About an hour and a half before Pelosi delivered her remarks, the president appeared to dare Democrats to impeach him and said they should just get it over with.
"The Do Nothing Democrats had a historically bad day yesterday in the House. They have no Impeachment case and are demeaning our Country. But nothing matters to them, they have gone crazy. Therefore I say, if you are going to impeach me, do it now, fast, so we can have a fair...."
Trump continued in a follow-up tweet by saying that he wants a fair trial in the Senate and said, "We will have Schiff, the Bidens, Pelosi and many more testify, and will reveal, for the first time, how corrupt our system really is. I was elected to "Clean the Swamp," and that's what I am doing!"
After Pelosi spoke, the president blasted her remarks. "The Do Nothing, Radical Left Democrats have just announced that they are going to seek to Impeach me over NOTHING. They already gave up on the ridiculous Mueller 'stuff,' so now they hang their hats on two totally appropriate (perfect) phone calls with the Ukrainian President..." he wrote on Twitter.
White House press secretary Stephanie Grisham also weighed in, saying the House speaker and Democrats "should be ashamed."
Trump "has done nothing but lead our country — resulting in a booming economy, more jobs & a stronger military, to name just a few of his major accomplishments," Grisham tweeted. We look forward to a fair trial in the Senate."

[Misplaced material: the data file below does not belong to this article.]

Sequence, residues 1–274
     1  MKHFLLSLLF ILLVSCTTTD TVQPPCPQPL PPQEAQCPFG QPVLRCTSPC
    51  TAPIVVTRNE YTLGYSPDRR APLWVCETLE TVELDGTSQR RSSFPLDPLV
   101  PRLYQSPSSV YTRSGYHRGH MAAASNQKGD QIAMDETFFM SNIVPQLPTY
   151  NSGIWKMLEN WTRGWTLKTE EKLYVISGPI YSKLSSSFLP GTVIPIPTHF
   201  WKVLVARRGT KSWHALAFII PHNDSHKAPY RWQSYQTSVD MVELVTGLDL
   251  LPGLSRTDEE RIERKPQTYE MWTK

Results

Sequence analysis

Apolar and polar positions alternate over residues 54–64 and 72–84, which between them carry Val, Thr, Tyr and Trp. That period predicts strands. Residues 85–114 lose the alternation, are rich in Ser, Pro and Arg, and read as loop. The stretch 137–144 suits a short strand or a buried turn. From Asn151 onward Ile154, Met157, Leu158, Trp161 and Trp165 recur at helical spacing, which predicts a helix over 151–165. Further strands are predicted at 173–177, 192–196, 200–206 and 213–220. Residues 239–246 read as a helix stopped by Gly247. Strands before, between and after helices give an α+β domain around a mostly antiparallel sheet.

Rep. Doug Collins, R-Ga., ranking member on the Judiciary Committee, tweeted that Nadler told him this week to provide him with his witness list.
"But Pelosi's press conference seemed to indicate we're moving straight to articles of impeachment. Judiciary has jurisdiction over articles of impeachment, but does the chairman even know what's going on?"
On the Democratic side, Rep. Debbie Wasserman Schultz, D-Fla., said she felt Pelosi's call to move forward with articles of impeachment is "entirely appropriate" because "the evidence that the President abused his power is overwhelming" and is "deserving of impeachment."
Pelosi, who is holding her weekly press conference later Thursday morning, has been seeking input from members of the House Democratic caucus about how they should move forward with the impeachment inquiry. The speaker earlier this week stopped short of announcing that the House intends to bring articles of impeachment against the president.
Pelosi held a closed-door caucus meeting with Democrats on Wednesday morning in which staffers were not allowed inside and lawmakers were forced to check their phones at the doors. House Intelligence Committee Chairman Adam Schiff, D-Calif., received a standing ovation inside the meeting for the work that he did in his committee to conduct the initial impeachment investigation, which included 17 closed-door interviews with key witnesses with 12 of them testifying in public before the Thanksgiving break.
Congress is scheduled to be in session until right before the week of Christmas and Democrats are facing pressure to wrap up their end of the impeachment process before the end of the year, possibly with a floor vote of the House on whether Trump should be impeached. If the House impeaches the president, the process then moves to the Senate where it's expected to hold a trial early next year.